Wednesday, 15 March 2017

Making diversity realistic

A lot has been said in the last few months about diversity in books. I'm all for it - but only if it's realistic.

Let me explain. In the area I live, 99% of people are white. The majority of those are English or Welsh, with a healthy number of Poles as well. Of the non-whites, there are a couple of Vietnamese families, a few Indian families, one or two Chinese families, and one or two black people. If I was to write a story set in my home town with several non-white characters then to people who knew the area, it wouldn't ring true, and it would detract from the story. Similarly, if I was to set my story in London and only had one or two non-white characters, then it would also not feel right.

The key is to be realistic with your demographics. If you do a quick search for demographics you can find all sorts of stats for the place you're writing about, but mostly it's just a case of common sense.

It's a similar case for including LGBTQ characters - if your story is set in a gay nightclub, chances are most of your characters will be LGBTQ, but if it's not then you don't want to include so many that it's unbelievable.

Of course, there are occasions when you may need to go against the demographics, for example, using current affairs, your story may be about Syrian refugees coming to a small English town and trying to settle in. In that story your main characters will be Syrian, and the people they may ask for help may also be non-white.


Saturday, 5 November 2016

Nanowrimo 2016 is here!

It's NaNoWriMo time again and I'm trying to get back into a writing habit. I've hardly written anything in the last year, having become a mum in March, but I've had ideas building up and now I want to commit them to paper.

For a long time I've wanted to write a Christian novel but not had any ideas, but then I had a nightmare about a car crash that inspired an idea for a story that I think actually has legs. The nightmare is actually written out in full with very little added as one of the chapters of the story.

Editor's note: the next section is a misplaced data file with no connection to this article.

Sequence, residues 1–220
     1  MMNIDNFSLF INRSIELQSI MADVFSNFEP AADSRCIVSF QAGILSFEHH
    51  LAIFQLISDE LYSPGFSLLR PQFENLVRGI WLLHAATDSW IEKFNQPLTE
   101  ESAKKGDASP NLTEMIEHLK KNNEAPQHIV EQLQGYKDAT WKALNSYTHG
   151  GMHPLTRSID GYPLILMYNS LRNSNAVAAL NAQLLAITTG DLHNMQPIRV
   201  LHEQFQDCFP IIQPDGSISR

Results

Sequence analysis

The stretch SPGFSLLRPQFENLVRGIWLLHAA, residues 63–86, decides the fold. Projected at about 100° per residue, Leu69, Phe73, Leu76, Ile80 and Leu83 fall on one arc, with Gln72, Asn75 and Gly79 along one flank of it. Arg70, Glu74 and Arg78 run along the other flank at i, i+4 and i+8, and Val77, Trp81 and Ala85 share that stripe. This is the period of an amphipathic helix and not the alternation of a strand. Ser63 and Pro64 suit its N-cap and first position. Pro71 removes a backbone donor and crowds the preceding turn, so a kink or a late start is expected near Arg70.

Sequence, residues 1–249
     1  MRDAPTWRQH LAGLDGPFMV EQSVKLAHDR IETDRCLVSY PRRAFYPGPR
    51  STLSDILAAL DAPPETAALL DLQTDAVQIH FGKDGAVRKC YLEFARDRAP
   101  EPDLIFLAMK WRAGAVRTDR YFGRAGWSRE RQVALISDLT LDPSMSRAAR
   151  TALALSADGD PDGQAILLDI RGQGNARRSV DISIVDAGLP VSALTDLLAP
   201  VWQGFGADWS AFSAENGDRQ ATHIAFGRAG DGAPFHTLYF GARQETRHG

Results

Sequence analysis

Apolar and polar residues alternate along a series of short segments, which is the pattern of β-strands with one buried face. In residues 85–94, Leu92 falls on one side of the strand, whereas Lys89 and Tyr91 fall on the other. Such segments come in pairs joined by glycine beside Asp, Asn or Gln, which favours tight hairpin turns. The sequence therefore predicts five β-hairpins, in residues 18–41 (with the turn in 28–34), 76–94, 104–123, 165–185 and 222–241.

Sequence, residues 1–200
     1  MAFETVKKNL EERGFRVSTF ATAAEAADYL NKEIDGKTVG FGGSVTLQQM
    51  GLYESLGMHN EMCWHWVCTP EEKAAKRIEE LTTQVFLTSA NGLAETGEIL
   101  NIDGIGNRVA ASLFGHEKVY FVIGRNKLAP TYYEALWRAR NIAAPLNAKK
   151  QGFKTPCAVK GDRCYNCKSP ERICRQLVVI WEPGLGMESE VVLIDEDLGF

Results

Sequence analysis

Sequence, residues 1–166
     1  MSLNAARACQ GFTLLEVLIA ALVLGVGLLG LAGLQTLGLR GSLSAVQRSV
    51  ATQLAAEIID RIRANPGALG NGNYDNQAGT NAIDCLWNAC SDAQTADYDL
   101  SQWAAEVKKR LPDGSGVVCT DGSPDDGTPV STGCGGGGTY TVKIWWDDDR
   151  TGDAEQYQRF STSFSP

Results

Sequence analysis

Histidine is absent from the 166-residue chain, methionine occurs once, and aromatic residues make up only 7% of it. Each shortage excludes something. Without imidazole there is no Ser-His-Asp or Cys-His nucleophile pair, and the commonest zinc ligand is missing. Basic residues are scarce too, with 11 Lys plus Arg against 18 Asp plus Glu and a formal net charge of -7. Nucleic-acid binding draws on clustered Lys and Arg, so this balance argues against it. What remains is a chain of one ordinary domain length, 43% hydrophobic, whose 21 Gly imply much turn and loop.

Synopsis:
Have you ever thought about angels? Holly has, from the Christmas angels to her gran’s army of angels that watch over her. Then, after miraculously surviving a car crash, she becomes one – and she discovers that everything she thought she knew was wrong.
And when Azrael (the Angel of Death) and Lucifer, the Angel of Light (aka the Devil), start dropping in to ask for help, she knows she's in big trouble.

Tagline: Sometimes, the Devil can be truly angelic...

Sunday, 21 August 2016

Review: The Little Bookshop of Lonely Hearts



Take a crumbling London bookshop; add in an eclectic staff including painfully shy Verity, tattooed and blue-haired Nina, and newly-appointed romance book-loving owner Posy; then throw the self-styled “rudest man in London” into the mix and you get this charming rom-com of a book.

There are definite nods to Pride and Prejudice, one scene that seems to have been borrowed straight from Bridget Jones’ Diary, and a smattering of intentionally terrible Regency bodice ripping scenes conjured from Posy’s imagination.

Posy inherits Bookends bookshop from eccentric owner Lavinia and decides to rebrand as romantic fiction specialist shop Happy Ever After, having to fend off the unwanted interference from high-handed Sebastian, who owns the rest of the mews. The results are predictable but no less enjoyable for it.

A delightfully fun and easy read.
  • ISBN 9780008173111
  • Published by Harper
  • Paperback
  • RRP £7.99
  • On sale 25th August 2016


Saturday, 11 June 2016

S is for Show, don't tell

When I was writing my first draft of Witness I introduced the character Wade by describing his physical appearance compared to his friend Ethan and went on to tell the reader how he became friends with Lois - because they shared a similar taste in music. It was a really dull page of prose.

In the rewrite I decided I wanted to make Wade a bigger character in the story and went back to specifically look for places where he was included. I'm ashamed to admit that I left in the boring introduction to start with, but then I came to my senses and realised that it wasn't really adding to the story. I took out the description and added a scene where Lois was revising listening to her iPod and Wade came over to join her because he heard the music. It said the same as the orginal but it was much more interesting because it included dialogue and interaction between the characters.

Lesson learned - show, don't tell!